“I can’t tell (without more context) if your brother-in-law is your sister’s husband or your husband’s brother,” she writes. “We can say, for example, ‘aunt-by-marriage’ or ‘paternal grandfather,’ but those precise terms aren’t common in everyday speech. We accord our parents’ siblings and our siblings’ children special status (uncles and aunts, nephews and nieces) but beyond that we rely on a single catch-all term which is mysteriously ambiguous when it comes to age, sex, degree, or side of the family: cousin.”
Rubery, a former online editor for Oxford Dictionaries, notes that it wasn’t always like this: “Old English (spoken in England until about 1150) had several phrases to describe first cousin relationships more precisely, among them fæderan sunu for father’s brother’s son, and mōdrigan sunu for mother’s sister’s son. These phrases soon died out in Middle English.”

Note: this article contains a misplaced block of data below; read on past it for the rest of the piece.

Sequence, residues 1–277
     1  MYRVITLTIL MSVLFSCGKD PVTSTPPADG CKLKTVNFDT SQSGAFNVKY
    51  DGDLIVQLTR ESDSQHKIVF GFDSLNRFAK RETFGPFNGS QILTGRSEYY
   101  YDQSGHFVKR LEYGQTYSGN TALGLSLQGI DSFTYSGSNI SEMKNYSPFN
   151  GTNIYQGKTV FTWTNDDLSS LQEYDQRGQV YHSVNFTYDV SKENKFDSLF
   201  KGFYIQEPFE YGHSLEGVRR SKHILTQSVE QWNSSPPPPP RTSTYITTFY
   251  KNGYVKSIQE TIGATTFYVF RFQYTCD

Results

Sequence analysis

Anthropologists, she writes, “have identified at least ten different kinship systems in use around the world.” The simplest is the Hawaiian system, which “makes no distinction between siblings and cousins,” while the most complex, the Sudanese system, “has a different name for each individual on the family tree. There are different words for aunt and uncle depending on whether they are related by blood or marriage; specific terms for in-laws depending on age; and different words for grandchildren depending on lineage.”
In Chinese, she says, “our simple cousin can be translated in at least eight different ways, not just according to whether the cousin is male or female, but also whether they are on the father’s or mother’s side, and whether they are older or younger than the speaker.”
Her conclusion: “Perhaps our generic word cousin is quite handy, after all.”